The relevance of feminism


The relevance of feminism shows up in our lives in how we define ourselves, our relationships and our place in the world.    Even so, it is alarming that the measures of women’s rights have been challenged in 1000 bills in the state legislation threatening women’s right to choose. One response to that is to revitalize a woman’s movement and promote a new wave of feminism. Both Ruth Rosen, historian at University of California Davis, and Estelle Freedman, Stanford historians and feminists provide the work of feminism and its history, and both say the work is underway in the lives of women and men today. Feminism is at work in the mainstream of life, and it comes in many forms. A perspective by Marco Cochrane, and sculpture artist, says that the work of feminism and the social revolution of the 50’s, 60’s and 70’s has not had women feel safe, and that their contribution is needed by the world. Their speaking, their presence in the world will come through the assaults and rapes of the world are recognized for what they are. Radical distinctions in what feminism is, and how it works have been as varied as their sources.


The value and current form of feminism in the world is the running current throughout this book, Barefoot Frontrunners. The history of feminism provides the knowledge that women freed by the means to birth control and the civil rights act in 1964 provided a turn in the road for women. Affirmative Action and the change in how women are perceived and how they perceive themselves are the result that made for signficant social change in policy and law over the past fifty years society, and with that change in women’s roles and function.  The protests toward the inequity toward women began in the first wave of feminism at Seneca Falls in a Quaker gathering, and the second wave of feminism in the 70’s very definitely a consequence of the heat of the civil rights movement and antiwar movement. The impact and transformation achieved gave ground for the context for modern feminism today. Humanity came through the individuals choosing their roles, relearning with intelligence and behavior new ways of conceiving of their sexual and social roles. Modern feminism recognizes the limitations and empty rights not backed up by practice in the work place, in the military, in the halls of academia and in the sexual exploitation of women worldwide. The exposure of assault and rape within the institutions of society is groundbreaking, and points to the fact that in many ways the work of feminism is just beginning.


Like a continuum, the level of equality in sex and race in this country or any other is the measure of humanity, the value of the human being as primary over doctrine or dogma.   It could be said that the work of feminism in the past fifty years of social and sexual history corresponds and predicts the level of developments of any given society. Bias, Prejudice dislodged gives ground for a new road, a better road for human rights. Hillary Clinton has always said “women’s rights are human rights” and provides humanity a possible opening to equality and empowerment to those excluded for a fuller and richer participation on all levels.   Currently equal access and opportunity in terms of training young minority boys and girls is being recognized by #Yes WE Code in response to the resurgence of affirmative action efforts to add more women to fuller participation. The relevance of feminism is all about the need to have those excluded to find their voice and a place at the table throughout the world. Eve Ensler has brought to our consciousness the women of the world still under the most severe punishments because they are women in various parts of the world. Perhaps in our collective consciousness, the awareness of those women who suffer the lack of personal dignity and freedom and opportunity, whether they are in Richmond, California or in the middle east, or anywhere in the world has a connection to our own sense of empowerment.   But for sure the 1000 bills in state legislation attempting to reduce women’s rights cannot escape our notice and makes clear the work of feminism is far from over, maybe just a foothold and a place to stand.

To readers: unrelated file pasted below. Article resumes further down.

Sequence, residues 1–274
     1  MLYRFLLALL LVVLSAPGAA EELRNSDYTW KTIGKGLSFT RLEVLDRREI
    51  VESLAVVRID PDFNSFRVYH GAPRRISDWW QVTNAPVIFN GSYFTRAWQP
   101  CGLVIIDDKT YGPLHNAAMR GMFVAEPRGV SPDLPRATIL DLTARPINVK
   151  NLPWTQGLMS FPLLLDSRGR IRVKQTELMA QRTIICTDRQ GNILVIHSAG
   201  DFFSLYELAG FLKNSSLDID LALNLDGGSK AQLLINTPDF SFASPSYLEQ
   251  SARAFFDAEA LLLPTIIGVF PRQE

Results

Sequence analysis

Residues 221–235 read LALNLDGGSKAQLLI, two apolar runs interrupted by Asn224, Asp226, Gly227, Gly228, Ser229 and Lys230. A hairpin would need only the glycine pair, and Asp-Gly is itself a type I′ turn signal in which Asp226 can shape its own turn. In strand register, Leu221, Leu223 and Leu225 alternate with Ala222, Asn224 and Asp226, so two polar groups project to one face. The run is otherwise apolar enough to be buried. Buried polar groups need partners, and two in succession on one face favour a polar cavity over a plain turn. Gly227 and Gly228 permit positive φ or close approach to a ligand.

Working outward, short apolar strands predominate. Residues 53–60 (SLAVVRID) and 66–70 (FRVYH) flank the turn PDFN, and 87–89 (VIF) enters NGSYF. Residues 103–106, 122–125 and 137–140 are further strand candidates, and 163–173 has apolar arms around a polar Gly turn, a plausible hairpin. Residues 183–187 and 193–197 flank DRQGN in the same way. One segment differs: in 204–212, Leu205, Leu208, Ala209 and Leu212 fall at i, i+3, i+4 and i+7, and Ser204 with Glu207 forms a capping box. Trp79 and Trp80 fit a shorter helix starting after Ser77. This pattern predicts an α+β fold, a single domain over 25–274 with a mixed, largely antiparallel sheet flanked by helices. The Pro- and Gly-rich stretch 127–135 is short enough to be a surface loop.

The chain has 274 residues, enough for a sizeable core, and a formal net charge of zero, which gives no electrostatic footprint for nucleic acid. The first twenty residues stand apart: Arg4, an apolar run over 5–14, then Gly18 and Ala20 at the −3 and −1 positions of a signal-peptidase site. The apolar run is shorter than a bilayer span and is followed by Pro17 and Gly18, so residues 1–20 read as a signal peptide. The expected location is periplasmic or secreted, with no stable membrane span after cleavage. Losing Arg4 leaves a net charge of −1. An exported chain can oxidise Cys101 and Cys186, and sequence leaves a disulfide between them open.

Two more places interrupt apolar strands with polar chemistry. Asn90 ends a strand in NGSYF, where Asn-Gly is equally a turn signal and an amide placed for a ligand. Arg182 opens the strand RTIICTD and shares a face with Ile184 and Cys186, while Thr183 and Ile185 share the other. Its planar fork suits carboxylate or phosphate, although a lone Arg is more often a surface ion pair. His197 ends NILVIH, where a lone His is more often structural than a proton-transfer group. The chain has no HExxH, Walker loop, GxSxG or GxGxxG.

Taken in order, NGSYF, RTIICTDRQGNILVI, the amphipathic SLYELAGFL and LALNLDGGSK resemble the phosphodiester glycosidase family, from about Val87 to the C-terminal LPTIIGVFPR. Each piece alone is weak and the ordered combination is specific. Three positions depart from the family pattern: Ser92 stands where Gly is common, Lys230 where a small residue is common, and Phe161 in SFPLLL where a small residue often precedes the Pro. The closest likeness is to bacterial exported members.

For women, the personal as well as historical context of where we are, and why we are where we are is a work in progress. The past fifty years of social change and the role and identity of women and men are the beginning, a sociological evolvement changing the texture and fabric that is both personal and political at various levels of change and potential throughout the world. Empowerment and equality, access and opportunity, enlightenment of what is possible through the hopes and dreams of both men and women has been the process that best represents feminism and the goal of feminism as humanism.


Karl Marx and Gloria Steinem both speak of the necessity of revolution: disruption, deconstruction even to the point of destroying old forms of thinking. Karl Marx pointed to the need of “feminine upheaval” as the means to “great social change” and that progress could be measure by where the “ social position of the fair sex.”   Gloria Steinem in the 70’s argued that there was no simple reform and only revolution would suffice. She pointed to the visibility of sex and race as “a primary way in which human beings organize around superior and inferior groups.”   Humanism she pointed out is really the goal and the means by which feminism brings those changes that add to a better world.